Turkey: More Than Ticking Boxes, Adopting Privacy by Design Approach

Turkey: More Than Ticking Boxes, Adopting Privacy by Design Approach


As the news emerge regarding the International Organization for Standardization adoption of ISO 31700 on privacy by design in February 2023, an overview of the concept Privacy by Design from the Turkish Data Protection Law perspective seems integral to understand how the future privacy-friendly product designs will transpire.


It is globally recognized now that consumers are becoming more aware of how their data is used and that, now more than ever, they value their privacy.[1] Thus, creating privacy-friendly products, services and processes is becoming more than a regulatory compliance issue, it is becoming an “it factor” for consumers, which puts Privacy by Design into the spotlight for product developers.


Privacy by Design


The Concept

Privacy by Design is a globally recognized concept and a legal obligation under the General Data Protection Regulation (“GDPR”). The term Privacy by Design essentially means implementing data protection measures in early development stages of any product, service, or project.[2] As a key principle, Privacy by Design is rather a large concept encompassing other obligations under the GDPR. There are many definitions for Privacy by Design such as The Information Commissioner’s Office’s definition, “approach that ensures you consider privacy and data protection issues at the design phase of any system, service, product or process and then throughout the lifecycle”[3] and Ireland’s Data Protection Commission’s description “embedding data privacy features and data privacy enhancing technologies directly into the design of projects at an early stage. This will help to ensure better and more cost-effective protection for individual data privacy.”[4]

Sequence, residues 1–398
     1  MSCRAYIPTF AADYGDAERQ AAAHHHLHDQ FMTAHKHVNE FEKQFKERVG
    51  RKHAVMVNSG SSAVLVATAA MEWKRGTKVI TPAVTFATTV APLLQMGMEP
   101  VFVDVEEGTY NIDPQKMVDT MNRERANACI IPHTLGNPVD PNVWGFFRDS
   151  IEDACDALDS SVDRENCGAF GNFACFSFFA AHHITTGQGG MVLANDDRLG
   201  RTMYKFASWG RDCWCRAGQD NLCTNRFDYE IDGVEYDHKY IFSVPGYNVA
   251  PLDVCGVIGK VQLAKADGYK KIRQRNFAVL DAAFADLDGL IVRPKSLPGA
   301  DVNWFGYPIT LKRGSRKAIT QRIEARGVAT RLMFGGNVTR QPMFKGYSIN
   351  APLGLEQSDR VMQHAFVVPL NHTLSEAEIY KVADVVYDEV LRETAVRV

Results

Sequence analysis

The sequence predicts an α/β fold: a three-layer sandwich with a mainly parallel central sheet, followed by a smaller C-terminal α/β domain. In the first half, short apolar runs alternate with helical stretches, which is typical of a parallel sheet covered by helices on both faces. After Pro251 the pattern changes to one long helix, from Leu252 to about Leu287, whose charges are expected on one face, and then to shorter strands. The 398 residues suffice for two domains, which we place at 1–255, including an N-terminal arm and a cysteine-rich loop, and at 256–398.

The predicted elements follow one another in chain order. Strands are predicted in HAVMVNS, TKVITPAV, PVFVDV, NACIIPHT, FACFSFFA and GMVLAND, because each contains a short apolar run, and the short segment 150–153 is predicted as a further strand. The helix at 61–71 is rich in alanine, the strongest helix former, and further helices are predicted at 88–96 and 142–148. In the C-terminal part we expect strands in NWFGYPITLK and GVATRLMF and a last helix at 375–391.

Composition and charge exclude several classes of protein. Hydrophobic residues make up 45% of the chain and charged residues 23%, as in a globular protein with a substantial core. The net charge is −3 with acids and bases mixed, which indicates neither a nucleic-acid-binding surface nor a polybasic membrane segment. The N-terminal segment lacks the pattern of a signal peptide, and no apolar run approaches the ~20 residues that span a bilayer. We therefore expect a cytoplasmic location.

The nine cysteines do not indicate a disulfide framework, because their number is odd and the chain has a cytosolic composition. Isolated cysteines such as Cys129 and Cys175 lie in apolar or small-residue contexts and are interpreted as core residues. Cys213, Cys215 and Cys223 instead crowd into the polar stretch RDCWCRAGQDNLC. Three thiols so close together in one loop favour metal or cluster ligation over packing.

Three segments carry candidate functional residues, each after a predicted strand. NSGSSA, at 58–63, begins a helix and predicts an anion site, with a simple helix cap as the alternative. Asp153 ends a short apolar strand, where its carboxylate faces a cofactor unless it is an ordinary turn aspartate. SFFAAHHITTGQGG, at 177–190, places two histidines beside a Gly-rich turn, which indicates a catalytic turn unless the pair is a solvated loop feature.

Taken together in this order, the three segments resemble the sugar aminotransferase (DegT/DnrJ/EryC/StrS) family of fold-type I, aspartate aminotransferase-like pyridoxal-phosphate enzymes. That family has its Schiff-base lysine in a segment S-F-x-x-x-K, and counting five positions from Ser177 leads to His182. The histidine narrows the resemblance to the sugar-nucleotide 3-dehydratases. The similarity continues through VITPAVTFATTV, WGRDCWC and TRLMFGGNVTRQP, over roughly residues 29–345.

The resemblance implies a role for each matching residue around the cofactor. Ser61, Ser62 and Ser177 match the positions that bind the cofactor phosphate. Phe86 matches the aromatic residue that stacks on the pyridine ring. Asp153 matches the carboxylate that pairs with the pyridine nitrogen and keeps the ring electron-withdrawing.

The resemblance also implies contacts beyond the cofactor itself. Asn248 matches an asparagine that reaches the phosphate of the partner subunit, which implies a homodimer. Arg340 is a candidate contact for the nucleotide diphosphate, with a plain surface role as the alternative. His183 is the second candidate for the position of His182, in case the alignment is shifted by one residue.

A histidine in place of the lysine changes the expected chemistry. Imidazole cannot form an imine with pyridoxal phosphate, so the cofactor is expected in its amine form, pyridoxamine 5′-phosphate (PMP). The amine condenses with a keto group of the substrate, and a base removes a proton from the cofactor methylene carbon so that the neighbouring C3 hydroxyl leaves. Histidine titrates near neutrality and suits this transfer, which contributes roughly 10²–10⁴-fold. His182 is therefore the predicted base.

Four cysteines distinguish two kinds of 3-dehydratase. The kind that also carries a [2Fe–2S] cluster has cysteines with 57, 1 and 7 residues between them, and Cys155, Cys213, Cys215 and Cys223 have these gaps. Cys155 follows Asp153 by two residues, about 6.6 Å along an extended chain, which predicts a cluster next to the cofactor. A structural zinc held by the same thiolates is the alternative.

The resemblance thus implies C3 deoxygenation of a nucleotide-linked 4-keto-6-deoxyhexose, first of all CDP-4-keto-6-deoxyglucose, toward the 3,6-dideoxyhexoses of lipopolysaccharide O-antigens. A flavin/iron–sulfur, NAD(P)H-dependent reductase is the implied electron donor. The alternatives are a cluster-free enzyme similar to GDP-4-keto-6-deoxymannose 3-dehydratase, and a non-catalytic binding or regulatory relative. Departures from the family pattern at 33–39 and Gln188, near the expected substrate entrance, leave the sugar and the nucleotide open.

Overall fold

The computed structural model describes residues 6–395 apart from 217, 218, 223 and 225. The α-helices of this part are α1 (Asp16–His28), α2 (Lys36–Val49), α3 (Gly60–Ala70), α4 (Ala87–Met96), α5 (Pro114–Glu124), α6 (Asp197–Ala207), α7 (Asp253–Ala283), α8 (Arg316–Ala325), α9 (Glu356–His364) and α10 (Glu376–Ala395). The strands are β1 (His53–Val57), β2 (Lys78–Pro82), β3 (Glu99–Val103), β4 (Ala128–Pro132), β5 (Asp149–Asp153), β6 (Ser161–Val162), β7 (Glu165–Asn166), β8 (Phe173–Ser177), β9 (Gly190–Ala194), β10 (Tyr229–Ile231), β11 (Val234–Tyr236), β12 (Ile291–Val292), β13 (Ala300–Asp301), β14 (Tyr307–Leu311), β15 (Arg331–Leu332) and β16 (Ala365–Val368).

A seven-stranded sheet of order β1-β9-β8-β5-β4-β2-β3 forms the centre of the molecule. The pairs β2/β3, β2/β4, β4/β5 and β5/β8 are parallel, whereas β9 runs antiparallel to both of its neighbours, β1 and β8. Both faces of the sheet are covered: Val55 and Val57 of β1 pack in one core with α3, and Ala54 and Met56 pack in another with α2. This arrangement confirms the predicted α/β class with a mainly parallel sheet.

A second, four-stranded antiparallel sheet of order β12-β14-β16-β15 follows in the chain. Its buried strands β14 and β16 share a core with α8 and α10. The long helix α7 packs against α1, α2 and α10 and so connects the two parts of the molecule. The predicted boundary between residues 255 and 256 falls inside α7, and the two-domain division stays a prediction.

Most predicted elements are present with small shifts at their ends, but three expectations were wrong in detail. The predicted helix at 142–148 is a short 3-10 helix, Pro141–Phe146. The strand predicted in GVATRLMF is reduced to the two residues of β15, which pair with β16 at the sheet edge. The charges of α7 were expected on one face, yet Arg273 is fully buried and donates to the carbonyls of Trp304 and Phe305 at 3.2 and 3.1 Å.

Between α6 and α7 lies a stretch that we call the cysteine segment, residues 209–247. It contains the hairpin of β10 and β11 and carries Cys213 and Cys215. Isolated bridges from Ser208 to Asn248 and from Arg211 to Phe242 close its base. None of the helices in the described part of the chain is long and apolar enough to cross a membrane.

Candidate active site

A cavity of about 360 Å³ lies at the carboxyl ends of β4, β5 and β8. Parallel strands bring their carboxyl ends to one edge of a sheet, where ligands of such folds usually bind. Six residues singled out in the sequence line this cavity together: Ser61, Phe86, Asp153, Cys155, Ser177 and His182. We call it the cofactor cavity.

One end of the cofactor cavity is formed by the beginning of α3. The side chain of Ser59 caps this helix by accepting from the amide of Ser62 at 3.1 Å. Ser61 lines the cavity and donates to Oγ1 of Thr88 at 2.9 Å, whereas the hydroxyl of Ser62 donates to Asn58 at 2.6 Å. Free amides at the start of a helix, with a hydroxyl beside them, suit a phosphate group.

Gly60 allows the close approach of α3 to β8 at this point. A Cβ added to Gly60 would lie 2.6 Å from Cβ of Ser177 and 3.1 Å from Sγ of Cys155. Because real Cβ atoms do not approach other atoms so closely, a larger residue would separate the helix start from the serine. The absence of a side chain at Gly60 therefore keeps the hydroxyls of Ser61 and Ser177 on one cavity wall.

Privacy by Design is a principle, an approach which data controllers should internalize and implement as a culture because there is no one size fits all formula for data protection measures and considerations for developing services, products, or processes with all the encrypted laws which most non-lawyers do not understand.


Turkish DPL Perspective

The Turkish Data Protection Law numbered 6698 (“Turkish DPL”) is the main legislation regarding the protection of personal data which was adopted in line with the rules and principles under the GDPR. However, within the Turkish DPL, there are no direct references to principles such as Privacy by Design or any guidelines regarding the topic.


Although there are no explicit rules regarding Privacy by Design, the data processing principles under the Turkish DPL and decisions published by the Turkish Data Protection Board (“Board”) strongly suggest that data controllers should always consider Privacy by Design principle. Below is why:


Turkey: Reflections of Privacy by Design on Principles and Board Decisions

Data processing principles are set forth under the 4th Article of the Turkish DPL and further elaborated by the Turkish Data Protection Authority (“Turkish DPA”) in its publication on how these principles should be interpreted.[5]


An analysis of the Turkish DPA’s views on these principles indeed clearly indicate that data controllers should consider privacy and data protection in every step of product/project development, a.k.a. adopt Privacy by Design.


In its Publication regarding these principles, the Turkish DPA states the following:

-          Data controllers must pay regard to interests and reasonable expectations of data subjects whilst achieving their objectives on data processing.

-          If certain decisions are made regarding data subjects’ processed data, data controllers have active duty of care with regards to data they are processing.